Cascade of Soil Erosion
Developing sediment models to enable land managers, water users, communities and iwi to set sediment-related water quality targets
What Did We Do?
Soil erosion and too much sediment in rivers can result in major environmental problems. The impact of sediment loads on freshwater attributes such as water clarity, and how this affects freshwater ecology, is not fully understood.
This research has highlighted which sources of sediment have the most important role in determining how much suspended sediment ends up in a river. It has shown that the amount of sediment in rivers with headwaters (first-order catchments) is controlled by the maximum water flow during a storm event.
Cascade of Soil Erosion researchers have developed a model that can be used by regional councils to evaluate the impact of changes to land use and management on the sediment yield of catchments, and help plan soil conservation works.
This modelling will help to target the estimated $120 million expenditure needed to deal with erosion and sediment issues across New Zealand each year.
How Can The Research Be Used?
- Horizons Regional Council has used this research to assess the impact of soil conservation work in the Manawatū-Wanganui region. The model’s effectiveness was demonstrated by how close its predictions are to actual measurements of sediment loads in the main channel of the Manawatū River. Horizons Regional Council is continuing to implement soil conservation work, and it is predicted that its Sustainable Land Use Initiative will improve water clarity by 30% by 2043.
- Models developed by this research team can be parameterised with local data, then used in spreadsheet form by regional councils across New Zealand and central government. The models can be used to evaluate the impact of changes to land use and management on the sediment yield of catchments, and help regional councils plan soil conservation work projects of varying size and complexity.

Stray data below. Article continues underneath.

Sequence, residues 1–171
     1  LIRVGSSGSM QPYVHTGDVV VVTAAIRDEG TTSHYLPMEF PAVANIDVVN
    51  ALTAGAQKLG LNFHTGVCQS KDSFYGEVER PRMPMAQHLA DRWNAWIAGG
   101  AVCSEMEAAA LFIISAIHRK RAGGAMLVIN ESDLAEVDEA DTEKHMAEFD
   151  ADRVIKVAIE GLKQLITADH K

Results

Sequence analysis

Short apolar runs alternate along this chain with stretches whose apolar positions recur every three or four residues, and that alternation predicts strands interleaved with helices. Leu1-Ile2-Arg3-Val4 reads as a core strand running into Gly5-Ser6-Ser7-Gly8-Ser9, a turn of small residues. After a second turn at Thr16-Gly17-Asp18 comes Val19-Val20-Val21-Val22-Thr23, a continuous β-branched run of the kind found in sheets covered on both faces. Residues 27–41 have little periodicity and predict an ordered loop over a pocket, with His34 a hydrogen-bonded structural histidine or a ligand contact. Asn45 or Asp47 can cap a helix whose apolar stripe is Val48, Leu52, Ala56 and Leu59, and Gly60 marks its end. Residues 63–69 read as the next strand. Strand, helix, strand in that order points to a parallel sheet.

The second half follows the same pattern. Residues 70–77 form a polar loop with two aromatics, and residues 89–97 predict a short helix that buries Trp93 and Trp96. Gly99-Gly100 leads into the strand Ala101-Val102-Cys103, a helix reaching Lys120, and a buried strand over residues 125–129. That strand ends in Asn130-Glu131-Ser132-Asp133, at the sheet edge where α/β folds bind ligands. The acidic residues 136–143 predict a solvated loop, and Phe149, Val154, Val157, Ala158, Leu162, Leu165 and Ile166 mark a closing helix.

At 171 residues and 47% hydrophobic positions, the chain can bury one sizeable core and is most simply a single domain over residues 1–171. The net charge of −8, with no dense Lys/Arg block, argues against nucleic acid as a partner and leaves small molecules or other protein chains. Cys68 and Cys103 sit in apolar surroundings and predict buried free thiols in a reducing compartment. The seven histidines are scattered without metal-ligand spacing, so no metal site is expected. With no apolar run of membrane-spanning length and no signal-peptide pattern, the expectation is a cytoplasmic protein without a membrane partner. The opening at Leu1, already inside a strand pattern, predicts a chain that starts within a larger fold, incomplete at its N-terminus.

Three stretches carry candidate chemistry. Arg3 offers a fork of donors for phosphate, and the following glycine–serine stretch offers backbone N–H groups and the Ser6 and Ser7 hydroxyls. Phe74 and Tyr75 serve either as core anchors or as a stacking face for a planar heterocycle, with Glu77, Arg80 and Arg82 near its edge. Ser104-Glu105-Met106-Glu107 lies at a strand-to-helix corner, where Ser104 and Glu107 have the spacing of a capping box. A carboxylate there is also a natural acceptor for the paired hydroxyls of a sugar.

- Using event-based modelling (based on single storm events), this research project has shed light on the effect of peak water flow on storm sediment load. Further development of this modelling will provide more detail by using rainfall radar information as well as obtaining direct measurements from small successive tributaries during storm events.
- Our models contribute to the range of tools to evaluate land-use suitability.
- The Hill Country Erosion Fund was boosted from $8 million to $20 million, enabling more regional councils to use this research.
- This research has been cited in reports informing the government's 2019 Essential Freshwater proposal, to derive sediment load targets for all catchments in New Zealand, and in the investigation of the practicality of achieving those targets.
- The models developed by this research team are being further refined in Smarter Targeting of Erosion Control, an MBIE-funded programme (2018–2022).
In the Media
- Cascade of Soil Erosion researchers are working in close collaboration with Horizons Regional Council, who are providing flow and water quality data fundamental to the project. Horizons Regional Council is also sharing data and collaborating in the development and application of event-based sediment loss models for low-order catchments.
Have a Question?
We are happy to answer any questions about this research and how it can be used.
Please fill in the form below
Thank you for your enquiry. Your question may require information to be gathered from the research team, so please anticipate that it may take us up to 10 days to prepare a reply.
We appreciate your interest in our research.